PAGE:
Four-Digit Gold?

CFA, Senior Managing Director, Co-Portfolio Manager
November 23, 2005

For Tocqueville Gold Fund's John Hathaway, gold shares "give you more octane than the metal itself."

If it's gold you're after, Hathaway, who runs about $550 million in the Tocqueville Gold Fund and another $400 million in separate client accounts, is the man for you. Year in and year out, Hathaway has delivered glittering returns, outperforming the benchmark Philadelphia Exchange Gold and Silver Index at every step. This year his fund (ticker: TGLDX) is up 15.3%, compared with a gain of 14.84% in the index, even though the performance of gold stocks has lagged behind the appreciation of the metal. Focusing on what he considers to be undervalued gems with good growth potential has paid handsome dividends for Hathaway and his investors. If, as he believes, the price of the precious metal is heading toward four-digit territory, expect that streak to continue.

Barron's: Gold seems to be trying to make another run here. What's your outlook for the price?

Hathaway: In the very near term, I have no idea. But it is still a bull-market trend, and there are a lot of reasons for that, and we will see higher prices. People shouldn't be surprised to see gold trade in the four digits.

Q: What's behind the move higher?

A: There is so much paper around, there are so many financial assets, and it only takes a small diversion from financial assets into gold to push the price higher.

Q: But what would lead to that diversion?

A: People are buying tangible assets, and gold is tangible and probably one of the most liquid and, in some ways, the least risky of all the tangible assets.

Q: There doesn't seem to be a lot of it around.

A: There is not a lot of it around. If you took one-tenth of one percent of global financial assets and stuck them in gold, you would wind up with a couple of years of mine supply. It is a trade you can't do. But it still gets back to the question as to why people would get more interested in gold, and it's not all based on bearishness. India is getting more prosperous, and Indians like gold. China is getting more prosperous, and the Chinese like gold. More disposable income in Asia definitely helps gold.

Q: Yet there are bearish factors behind the bull case for gold.

A: There is an ongoing currency debasing. Look at all the people who were bearish on the dollar a couple of years ago -- they've been slammed because they put their money into the euro. They should have put it in gold. Warren Buffett just took a loss on part of his position in the euro. He was famous for being bearish on the dollar. How did he activate that? He took a 22 billion euro position because the euro was liquid and gold isn't.

Q: Are you surprised at the behavior of the euro?

A: Not really. It is a piece of garbage, really. There is no national treasury that stands behind it, but a committee of bureaucrats. Then there's the politics and social issues in Europe. There's a big difference in the growth rate between the U.S. and Europe, and there's a big differential in interest rates between the U.S. and Europe. Gold is going to rise against the dollar and the euro and the yen, which it has been doing for quite a while, but it has been doing it quietly, so most people aren't even aware of it.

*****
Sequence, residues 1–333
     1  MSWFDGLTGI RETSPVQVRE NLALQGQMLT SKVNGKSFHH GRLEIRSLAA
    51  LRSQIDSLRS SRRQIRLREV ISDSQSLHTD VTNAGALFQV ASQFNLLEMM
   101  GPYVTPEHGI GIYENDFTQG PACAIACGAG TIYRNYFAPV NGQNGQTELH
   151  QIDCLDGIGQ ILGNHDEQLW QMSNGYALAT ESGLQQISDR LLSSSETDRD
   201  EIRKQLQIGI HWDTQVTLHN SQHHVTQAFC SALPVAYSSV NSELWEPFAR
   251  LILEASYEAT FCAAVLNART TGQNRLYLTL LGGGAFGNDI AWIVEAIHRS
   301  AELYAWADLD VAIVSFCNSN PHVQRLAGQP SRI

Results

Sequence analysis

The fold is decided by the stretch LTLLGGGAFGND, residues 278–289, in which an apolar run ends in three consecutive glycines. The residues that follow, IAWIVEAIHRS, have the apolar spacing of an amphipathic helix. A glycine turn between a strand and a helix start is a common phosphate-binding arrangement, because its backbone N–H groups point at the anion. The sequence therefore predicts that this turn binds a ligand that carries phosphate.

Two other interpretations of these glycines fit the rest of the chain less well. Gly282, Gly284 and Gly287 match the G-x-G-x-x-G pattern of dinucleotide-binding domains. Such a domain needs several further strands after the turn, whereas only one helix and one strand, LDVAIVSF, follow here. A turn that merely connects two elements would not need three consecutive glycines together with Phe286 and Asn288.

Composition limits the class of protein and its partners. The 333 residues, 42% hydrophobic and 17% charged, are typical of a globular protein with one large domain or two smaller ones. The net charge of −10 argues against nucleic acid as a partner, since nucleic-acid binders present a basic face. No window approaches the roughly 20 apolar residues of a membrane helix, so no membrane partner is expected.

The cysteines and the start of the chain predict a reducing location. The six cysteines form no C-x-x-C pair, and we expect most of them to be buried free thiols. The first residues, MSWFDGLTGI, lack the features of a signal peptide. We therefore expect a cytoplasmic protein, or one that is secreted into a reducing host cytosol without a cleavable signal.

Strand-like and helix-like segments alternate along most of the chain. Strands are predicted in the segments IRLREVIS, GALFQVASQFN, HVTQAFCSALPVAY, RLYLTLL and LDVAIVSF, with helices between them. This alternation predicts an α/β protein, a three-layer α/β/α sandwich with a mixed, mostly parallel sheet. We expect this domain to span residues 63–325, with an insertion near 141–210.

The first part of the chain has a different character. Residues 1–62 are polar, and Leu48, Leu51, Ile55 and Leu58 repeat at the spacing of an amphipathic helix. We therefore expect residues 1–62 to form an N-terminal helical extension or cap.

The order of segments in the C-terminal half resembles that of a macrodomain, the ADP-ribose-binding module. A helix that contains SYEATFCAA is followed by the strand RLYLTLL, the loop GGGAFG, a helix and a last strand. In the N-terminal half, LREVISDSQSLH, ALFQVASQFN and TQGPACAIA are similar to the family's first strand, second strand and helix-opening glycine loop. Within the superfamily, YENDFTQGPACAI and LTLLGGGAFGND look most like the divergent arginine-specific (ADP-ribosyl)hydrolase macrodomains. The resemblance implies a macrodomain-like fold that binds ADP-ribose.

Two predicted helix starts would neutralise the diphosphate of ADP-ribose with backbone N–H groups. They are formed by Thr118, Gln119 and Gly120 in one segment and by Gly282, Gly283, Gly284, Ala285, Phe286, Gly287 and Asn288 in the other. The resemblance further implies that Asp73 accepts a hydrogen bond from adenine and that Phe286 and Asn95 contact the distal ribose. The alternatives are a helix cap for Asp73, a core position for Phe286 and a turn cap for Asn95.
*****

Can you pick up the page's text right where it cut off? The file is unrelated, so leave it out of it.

Q: There are still a lot of skeptics on gold.

A: It's been five years since it's been in a bull market.

Q: Before that it had been in a bear market for about 20.

A: These days, the generations are much shorter. Residual skepticism is all over the place, and it is terrific because it gives the bull case longevity. If everybody were on board the way they are with energy, I would have to think of a new investment theme to work on.

Q: You have written about gold benefiting from a bubble in the U.S. Treasuries market.

A: The bubble is a reflection of the lack of investment alternatives. It is also a reflection of the perceptions of risk and the notion that Treasuries are a safe haven so they should be priced in a different way. There is so much money sloshing around the system, to the extent it is risk-averse it goes into Treasuries. On the other hand, you have negative real rates throughout the yield curve. Latest 12-month inflation is running about 4.7%. An investor has to go out almost 30 years on the yield curve just to get even. There is so much paper around and returns on assets are so hard to come by that it is driving money in this direction, and that's created the bubble. But these conditions are very favorable for gold.

Q: So what will focus people's attention on gold?

A: Hitting $500. That will fixate attention. This has been a stealth bull market. Only years after a bottom has been made do people realize it.

Q: Hasn't there been a disconnect between the price of gold and gold shares?

A: Day by day, tick by tick, they don't do the same thing. But if you go back to 1999, which was the bottom of the bear market in gold, gold has gone from $250 an ounce to nearly double that. And the XAU, a benchmark for gold shares that most people use, has gone from the low 40s to around 115. For the last year or so, the shares have underperformed the metal to some extent, but over a period of time and on a historical basis, the shares give you more octane then the metal itself.

Q: Why are the shares underperforming?

A: Costs are up so much, particularly for open-pit mines, which use a lot of energy pushing dirt around and hauling it. The cost of building a new mine is up a good 30% over what it was five years ago. So the economics of the industry, even though the price of the commodity is up quite a bit, are essentially just as crappy as they were when gold was at its lows.